However,,,,, I forgot the new GM's have that stupid smart start system, and after turning the key to on the truck "started itself".... In the second it took me to turn the key off, about a quart of tranny fluid splattered all over the engine compartment and my clean, white garage walls.
Five minutes later, I'm under the car removing the skid plate to clean up all the split fluid, and my neighbor walks in the open garage. She starts screaming, thinking the trans fluid splattered all over the walls was blood and that I was lying, hurt, under the truck. It was very funny afterwards!
Speaking about over cooling the transmission, its is DEFINITELY possible. I've seen it many times. Keep in mind I live in a colder climate that you all, but in winter many times we have to let our vehicle's idle upwards of 20min before the fluid will even warm up enough to go into gear. In winter I effectively block off the entire grill of my truck so no air circulates through the rad or aux. cooler speeding up warmup.
That car by chance didn't have Manitoba plates (green and white) on it? Because we had a local 1968 dodge charger R/T at the Winnipeg world of wheels this year, and I know the owner drives it all across the country.
Were at -16* right now, with no change of above freezing weather in the next few days. But we're ok with that, cause cold weather just prolongs the ice fishing and snowmobiling season. But spring must be just around the corner because the local dangerous and delicious creatures are getting desperate enough to eat my groceries off the front steps.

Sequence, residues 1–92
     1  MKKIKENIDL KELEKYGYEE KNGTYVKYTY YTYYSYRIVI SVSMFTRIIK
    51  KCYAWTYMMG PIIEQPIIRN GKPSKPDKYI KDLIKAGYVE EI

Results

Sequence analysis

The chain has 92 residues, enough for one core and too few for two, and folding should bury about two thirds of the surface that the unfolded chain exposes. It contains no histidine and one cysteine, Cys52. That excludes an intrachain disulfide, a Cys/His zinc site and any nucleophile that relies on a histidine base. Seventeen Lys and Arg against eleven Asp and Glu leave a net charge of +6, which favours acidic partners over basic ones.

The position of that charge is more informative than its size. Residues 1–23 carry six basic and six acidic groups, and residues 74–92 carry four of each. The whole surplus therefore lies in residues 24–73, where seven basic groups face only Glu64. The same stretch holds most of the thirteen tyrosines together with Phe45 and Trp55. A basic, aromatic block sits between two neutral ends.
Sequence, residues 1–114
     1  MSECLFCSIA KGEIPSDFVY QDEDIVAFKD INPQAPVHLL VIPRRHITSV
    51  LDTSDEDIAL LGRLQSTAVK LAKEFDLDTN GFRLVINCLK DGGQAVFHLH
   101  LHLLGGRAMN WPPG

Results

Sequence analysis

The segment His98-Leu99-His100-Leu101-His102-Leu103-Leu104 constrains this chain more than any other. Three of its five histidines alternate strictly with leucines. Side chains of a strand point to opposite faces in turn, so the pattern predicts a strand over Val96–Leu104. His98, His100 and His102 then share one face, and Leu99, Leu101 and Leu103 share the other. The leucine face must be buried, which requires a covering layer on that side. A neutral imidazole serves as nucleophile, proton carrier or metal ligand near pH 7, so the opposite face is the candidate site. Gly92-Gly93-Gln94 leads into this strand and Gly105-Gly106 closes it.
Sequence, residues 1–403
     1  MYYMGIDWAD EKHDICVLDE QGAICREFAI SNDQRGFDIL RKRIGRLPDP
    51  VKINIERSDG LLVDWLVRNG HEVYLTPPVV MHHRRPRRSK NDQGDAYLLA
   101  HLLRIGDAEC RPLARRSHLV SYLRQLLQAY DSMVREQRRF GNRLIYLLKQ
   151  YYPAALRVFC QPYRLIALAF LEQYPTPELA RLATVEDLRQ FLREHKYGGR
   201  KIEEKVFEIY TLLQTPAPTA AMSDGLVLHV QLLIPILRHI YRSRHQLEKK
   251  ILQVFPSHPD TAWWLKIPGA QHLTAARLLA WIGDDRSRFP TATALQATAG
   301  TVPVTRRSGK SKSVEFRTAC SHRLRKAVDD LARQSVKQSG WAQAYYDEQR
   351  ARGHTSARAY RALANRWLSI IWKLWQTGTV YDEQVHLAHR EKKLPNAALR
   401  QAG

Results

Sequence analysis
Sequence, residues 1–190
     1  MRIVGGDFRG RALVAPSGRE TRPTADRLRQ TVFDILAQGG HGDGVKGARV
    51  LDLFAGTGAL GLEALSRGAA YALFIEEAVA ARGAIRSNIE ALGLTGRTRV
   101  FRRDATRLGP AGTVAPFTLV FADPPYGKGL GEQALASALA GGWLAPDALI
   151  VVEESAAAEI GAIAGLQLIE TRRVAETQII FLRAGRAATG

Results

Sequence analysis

Don;t worry its not another, how much do you think my car is worth thread :)
I was just wondering if these cars are getting to the point where they are becoming historic, rare, desired, or classic (what ever you want to call it) in that they can command increasingly higher prices. I know there are a select few who prise these cars, but is the market getting to the point where a mint condition 88 Thunderbird is worth $5000?
The reason I ask is; locally there is an 88 T-bird and an 83 Cougar for sale for around $5000 each. They are both in decent shape but have high miles and are no where near "show cars" exhibiting normal wear and tear for something 20 years old. However, I thought the rarity of these cars (at least around here) is commanding prices double the blue book price.
I've also driven a TDI, infact I test drove about 10 different VW's and also considered buying them strickly because of the fuel mileage of the diesel. I drive about 40,000 a year, so I use quite a few $ of fuel. My consensions is, they are not a car you want to buy used! They are generally very good cars, but it seems a few real lemons exist, especially w.r.t. electrical problems, and Timing belts on the pre 03 modles. Also prices seem to be greatly inflated around here, because of a lack of supply. (We have one VW dealer in the entire province.) But they really drive nice, and get better than rated mileage in the summer.
The other thing that detered me, which probably won't affect anyone else, is they will not start without much assistange in the cold winter months, and VW advises against extended idleing. Infact you can end your warranty through hours or miles in Canada so if I left in running all the time (like I do with my tempo now) I would void the warranty.